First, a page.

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New guidelines for ear infection treatment

26th February 2013

Child health experts in the United States have called on doctors to limit their prescription of antibiotics to children suffering from acute ear infections.

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Childhood ear problems can cause considerable distress, including pain and fever, and often result in a visit to the doctor, the American Academy of Pediatrics said in new guidelines published in the journal Pediatrics.

However, just because parents take their children to the doctor should not mean an automatic prescription for antibiotics, the guidelines say.

In the first update to the guidelines since 1994, the Academy asks doctors to distinguish carefully between inflammation of the middle ear and an acute ear infection.
Antibiotics are effective against the latter, but not against the former.
According to Farrel Buchinsky, director of pediatric otolaryngology at Allegheny General Hospital, it is harder than parents might think to diagnose an ear infection.
Even examination of a crying, wriggling child with an otoscope results in inconclusive evidence, and the view is often occluded by earwax.
Previously, acute onset of symptoms, fluid in the ear and inflammation were considered sufficient sign that an infection was present.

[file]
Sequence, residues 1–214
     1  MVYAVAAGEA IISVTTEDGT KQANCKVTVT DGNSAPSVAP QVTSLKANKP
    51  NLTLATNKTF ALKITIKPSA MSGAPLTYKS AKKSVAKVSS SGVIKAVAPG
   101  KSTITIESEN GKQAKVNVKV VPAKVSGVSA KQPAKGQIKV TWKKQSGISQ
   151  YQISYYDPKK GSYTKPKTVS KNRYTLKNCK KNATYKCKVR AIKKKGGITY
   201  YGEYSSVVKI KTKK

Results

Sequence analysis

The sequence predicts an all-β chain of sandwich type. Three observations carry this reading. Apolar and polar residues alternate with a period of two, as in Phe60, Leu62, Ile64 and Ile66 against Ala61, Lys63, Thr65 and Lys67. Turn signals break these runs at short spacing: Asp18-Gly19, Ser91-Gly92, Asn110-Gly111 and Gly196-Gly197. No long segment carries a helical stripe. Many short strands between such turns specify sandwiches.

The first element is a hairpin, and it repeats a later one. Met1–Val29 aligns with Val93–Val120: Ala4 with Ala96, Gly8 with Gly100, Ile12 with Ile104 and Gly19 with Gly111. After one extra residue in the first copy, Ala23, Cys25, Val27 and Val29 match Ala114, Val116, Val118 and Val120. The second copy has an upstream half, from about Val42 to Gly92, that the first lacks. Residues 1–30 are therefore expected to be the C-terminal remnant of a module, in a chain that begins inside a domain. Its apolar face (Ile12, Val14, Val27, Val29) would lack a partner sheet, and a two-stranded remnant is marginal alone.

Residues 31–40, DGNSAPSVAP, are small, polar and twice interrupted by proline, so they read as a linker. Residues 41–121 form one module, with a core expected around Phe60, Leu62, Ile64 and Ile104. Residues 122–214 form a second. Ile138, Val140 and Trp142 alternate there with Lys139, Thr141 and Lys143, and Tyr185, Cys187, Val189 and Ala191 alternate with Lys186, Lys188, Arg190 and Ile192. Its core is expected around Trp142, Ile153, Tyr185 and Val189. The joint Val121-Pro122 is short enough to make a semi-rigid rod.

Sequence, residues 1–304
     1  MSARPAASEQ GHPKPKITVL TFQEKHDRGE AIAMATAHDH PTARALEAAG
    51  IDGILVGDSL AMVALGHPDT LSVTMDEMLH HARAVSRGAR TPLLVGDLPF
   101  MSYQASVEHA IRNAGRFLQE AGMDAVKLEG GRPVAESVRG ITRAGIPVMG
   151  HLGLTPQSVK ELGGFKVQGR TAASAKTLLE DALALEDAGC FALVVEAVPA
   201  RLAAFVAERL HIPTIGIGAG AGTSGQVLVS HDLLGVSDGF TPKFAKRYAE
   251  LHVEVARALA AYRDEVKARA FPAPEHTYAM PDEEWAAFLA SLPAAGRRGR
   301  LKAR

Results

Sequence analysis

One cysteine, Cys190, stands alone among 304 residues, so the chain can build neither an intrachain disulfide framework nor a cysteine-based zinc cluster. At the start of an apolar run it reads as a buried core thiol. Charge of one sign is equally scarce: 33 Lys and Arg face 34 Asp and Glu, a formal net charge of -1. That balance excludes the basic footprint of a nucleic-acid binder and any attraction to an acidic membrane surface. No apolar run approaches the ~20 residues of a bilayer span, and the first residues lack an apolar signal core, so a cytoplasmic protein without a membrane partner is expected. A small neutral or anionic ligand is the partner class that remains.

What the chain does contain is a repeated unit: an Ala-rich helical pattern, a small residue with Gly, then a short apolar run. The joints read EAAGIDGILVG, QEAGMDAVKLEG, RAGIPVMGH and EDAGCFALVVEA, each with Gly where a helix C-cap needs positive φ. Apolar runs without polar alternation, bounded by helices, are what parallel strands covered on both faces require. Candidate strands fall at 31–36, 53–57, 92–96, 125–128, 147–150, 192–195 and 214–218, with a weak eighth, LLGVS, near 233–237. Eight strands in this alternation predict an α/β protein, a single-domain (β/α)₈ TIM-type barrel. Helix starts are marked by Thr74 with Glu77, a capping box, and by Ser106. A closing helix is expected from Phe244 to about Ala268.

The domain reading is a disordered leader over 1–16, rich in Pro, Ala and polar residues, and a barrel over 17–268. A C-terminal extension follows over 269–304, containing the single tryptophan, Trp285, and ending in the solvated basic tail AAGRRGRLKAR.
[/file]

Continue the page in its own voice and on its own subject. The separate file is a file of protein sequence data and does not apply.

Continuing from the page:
Now, doctors are being asked to prescribe antibiotics only in cases where at least some bulging of the eardrum is present, along with acute onset of symptoms and discharge.
Fluid is only considered evidence of an acute infection if it is seen in the middle ear, not just the outer ear.
According to co-author Allan Lieberthal, a professor of paediatrics at the University of Southern California, recent research has shown that the bulging of the eardrum is the key to diagnosing bacterial infections in the middle ear.
Antibiotics are not effective in the case of viral infections.
He said it was often hard for doctors presented with a suffering child not to hand out medicines as a first resort.
But medicine is not always the appropriate response, Lieberthal warned, adding that the over-diagnosis of ear infections would only fall if doctors stuck to the new guidelines.
He said it was a very hard sell to persuade a doctor that they should do nothing.
In a bid to cut down on the prescription of antibiotics, the Academy recommends treating pain and inflammation with over-the-counter medication like acetaminophen or ibuprofen in an age-appropriate manner.
Children should then remain under observation, and be given antibiotics only if there is no improvement over the next 2-3 days.
At least 70% of children get better without antibiotics, according to research conducted since 2004.

The guidelines also caution against long-term use of antibiotics in children with ear infections.

 


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